Your seasonal hires may be attracted to your company simply because of the employee discount. Perhaps they get 20 or 30 percent off regular priced items in your store (some companies even offer up to 50 percent!), which could help them get through their holiday shopping with a lighter punch to their wallets.

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Topics: Employee Benefits, Recruiting, Strategy

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Ducey's Plan for Arizona's CHIP Program

David Rook

Governor Ducey is working on a plan to fund Arizona’s CHIP program until Congress either passes a new budget or finds a way to pass an independent CHIP bill, which would require some legislative maneuvering with very few legislative days left in the year and a tremendous backlog of bills.

On September 30, 2017, the government’s fiscal year ended without passing a new budget, essentially cutting off all federal funding for the Children’s Health Insurance Program (CHIP) across the country. Because 9 million children in the U.S. (and their parents) depend on the insurance CHIP provides, states are trying to find extra cash to sustain the program.

Who Does CHIP Cover?

CHIP was created to fill in the gaps for families that make too much money to qualify for Medicaid, but not necessarily enough to pay for private or employer-sponsored health insurance.

Children up to age 19 are eligible for the program, but states have discretion over further eligibility standards, including those related to income. The Affordable Care Act (ACA) also expanded CHIP eligibility to children of state employees.

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Topics: Employee Benefits, Compliance, employee health, Arizona

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How to Choose a Health Insurance Plan for Your Workforce

David Rook

Ask nearly any employee how they feel about the importance of health insurance and they’ll tell you it ranks pretty high on their list of priorities. Research backs this up time and time again. A 2017 Harvard Business Review survey reveals that employees value better health, vision and dental insurance over benefits like additional vacation time and work-from-home options.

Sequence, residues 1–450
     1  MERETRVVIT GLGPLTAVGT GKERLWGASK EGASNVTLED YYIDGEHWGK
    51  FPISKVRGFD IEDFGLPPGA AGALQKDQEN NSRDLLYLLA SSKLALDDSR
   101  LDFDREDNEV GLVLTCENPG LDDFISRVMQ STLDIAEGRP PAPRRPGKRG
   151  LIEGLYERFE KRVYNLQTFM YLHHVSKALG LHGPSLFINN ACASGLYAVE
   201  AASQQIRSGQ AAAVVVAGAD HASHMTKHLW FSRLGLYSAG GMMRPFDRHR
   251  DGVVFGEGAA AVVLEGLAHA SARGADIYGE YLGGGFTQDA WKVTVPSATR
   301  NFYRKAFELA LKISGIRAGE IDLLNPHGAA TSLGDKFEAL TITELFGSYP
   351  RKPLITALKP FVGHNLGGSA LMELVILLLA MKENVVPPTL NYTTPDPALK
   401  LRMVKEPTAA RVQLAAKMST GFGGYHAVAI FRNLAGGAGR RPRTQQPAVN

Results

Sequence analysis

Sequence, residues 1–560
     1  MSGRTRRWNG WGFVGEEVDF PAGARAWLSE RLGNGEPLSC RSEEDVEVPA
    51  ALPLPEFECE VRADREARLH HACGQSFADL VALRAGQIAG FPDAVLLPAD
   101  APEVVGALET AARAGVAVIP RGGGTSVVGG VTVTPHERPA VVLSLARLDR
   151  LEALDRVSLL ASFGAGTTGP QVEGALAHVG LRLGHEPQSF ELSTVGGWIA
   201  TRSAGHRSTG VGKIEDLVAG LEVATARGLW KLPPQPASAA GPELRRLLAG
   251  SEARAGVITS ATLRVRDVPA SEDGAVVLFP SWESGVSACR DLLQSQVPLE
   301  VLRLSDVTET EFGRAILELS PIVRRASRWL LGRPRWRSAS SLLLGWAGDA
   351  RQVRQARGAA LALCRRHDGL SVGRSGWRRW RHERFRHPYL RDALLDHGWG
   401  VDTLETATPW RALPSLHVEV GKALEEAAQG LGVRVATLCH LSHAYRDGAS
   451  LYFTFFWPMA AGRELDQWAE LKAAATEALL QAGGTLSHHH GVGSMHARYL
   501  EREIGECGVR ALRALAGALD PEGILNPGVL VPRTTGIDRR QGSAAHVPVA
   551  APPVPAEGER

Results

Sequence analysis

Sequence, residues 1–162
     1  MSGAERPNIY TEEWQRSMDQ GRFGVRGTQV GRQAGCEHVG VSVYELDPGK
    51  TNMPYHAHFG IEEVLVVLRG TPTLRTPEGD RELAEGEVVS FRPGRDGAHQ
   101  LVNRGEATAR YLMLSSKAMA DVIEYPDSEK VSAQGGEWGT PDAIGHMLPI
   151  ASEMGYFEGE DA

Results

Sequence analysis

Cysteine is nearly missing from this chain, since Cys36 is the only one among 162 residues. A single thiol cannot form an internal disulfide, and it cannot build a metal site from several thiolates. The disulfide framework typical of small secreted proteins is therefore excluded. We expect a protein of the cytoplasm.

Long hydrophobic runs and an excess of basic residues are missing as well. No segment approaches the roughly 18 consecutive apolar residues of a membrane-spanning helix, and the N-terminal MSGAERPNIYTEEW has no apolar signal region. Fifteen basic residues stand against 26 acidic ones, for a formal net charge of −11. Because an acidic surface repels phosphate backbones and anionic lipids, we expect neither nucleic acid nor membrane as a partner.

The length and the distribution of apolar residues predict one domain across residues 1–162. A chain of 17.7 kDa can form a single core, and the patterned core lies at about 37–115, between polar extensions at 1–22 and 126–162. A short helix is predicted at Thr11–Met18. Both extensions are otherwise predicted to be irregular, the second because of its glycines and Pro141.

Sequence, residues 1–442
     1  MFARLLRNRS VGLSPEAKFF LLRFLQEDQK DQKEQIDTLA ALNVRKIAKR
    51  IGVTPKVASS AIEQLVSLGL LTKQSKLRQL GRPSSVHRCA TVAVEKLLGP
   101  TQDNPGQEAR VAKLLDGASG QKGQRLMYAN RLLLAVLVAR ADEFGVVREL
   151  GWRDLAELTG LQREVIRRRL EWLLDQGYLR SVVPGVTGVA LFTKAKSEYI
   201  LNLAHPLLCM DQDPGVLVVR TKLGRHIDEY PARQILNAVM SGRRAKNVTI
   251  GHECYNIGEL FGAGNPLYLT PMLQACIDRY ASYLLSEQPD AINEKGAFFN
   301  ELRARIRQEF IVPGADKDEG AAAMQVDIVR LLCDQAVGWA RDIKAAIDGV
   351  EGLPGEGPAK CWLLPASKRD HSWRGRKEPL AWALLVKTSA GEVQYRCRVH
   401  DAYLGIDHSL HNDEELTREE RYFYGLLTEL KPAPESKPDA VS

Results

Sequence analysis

As an employer or Human Resources professional, you know that health insurance is a must-have benefit workers want. What you may not know is how to choose a health insurance plan that keeps workers happy and attracts new talent to your organization. Here is a quick guide to selecting a plan that works for everyone.

Choosing What Type of Health Insurance Plan to Offer

Perhaps you’re an employer who has grown to the point where you have to legally start offering healthcare per the ACA, or perhaps you're still classified as a “small business” but would like to offer insurance as a retention and recruitment benefit. But where to start? Selecting health insurance for your employees may seem like an overwhelming decision. By breaking it down and approaching the decision step by step, you can better manage the decision making process.

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Topics: Employee Benefits, employee health

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How To Cut Benefit Costs Without Compromising Employee Satisfaction

David Rook

Every employer is looking to cut employee benefits costs, but it can be difficult to do so without compromising employee satisfaction. Employers therefore need to be careful when restructuring their benefit offerings.

Of course the most common way to cut employee benefits costs is to alter medical plan design, since medical coverage makes up a significant portion of benefit expenses. That said, it's not the only way to tame costs. Here are some of the most popular areas for cost savings.

Medical Plan Design

One of the most popular ways to cut employee benefits costs these days is switching to high deductible health plans (HDHPs), which reduces the cost of medical premium while pushing up deductibles. It should be noted, however, that HDHPs must be introduced with a great deal of employee education, since out-of-pocket expenses flow very differently than with those of traditional health plans.

For example, if offered multiple plan choices, some employees may elect an HDHP (in absence of any education), simply in an effort to save on premiums, when another plan was perhaps more appropriate for their particular situation. These employees may then experience buyer’s-remorse as the plan year unfolds, which contributes to the negatively surrounding HDHPs, which is undoubtedly one of the reasons these plans come with mixed reviews.

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Topics: Employee Benefits, Cost Containment, Plan Design, Voluntary Benefits, Ancillary Benefits, Worksite Benefits, wellness program

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Why Voluntary Benefits are Critical with HDHPs

David Rook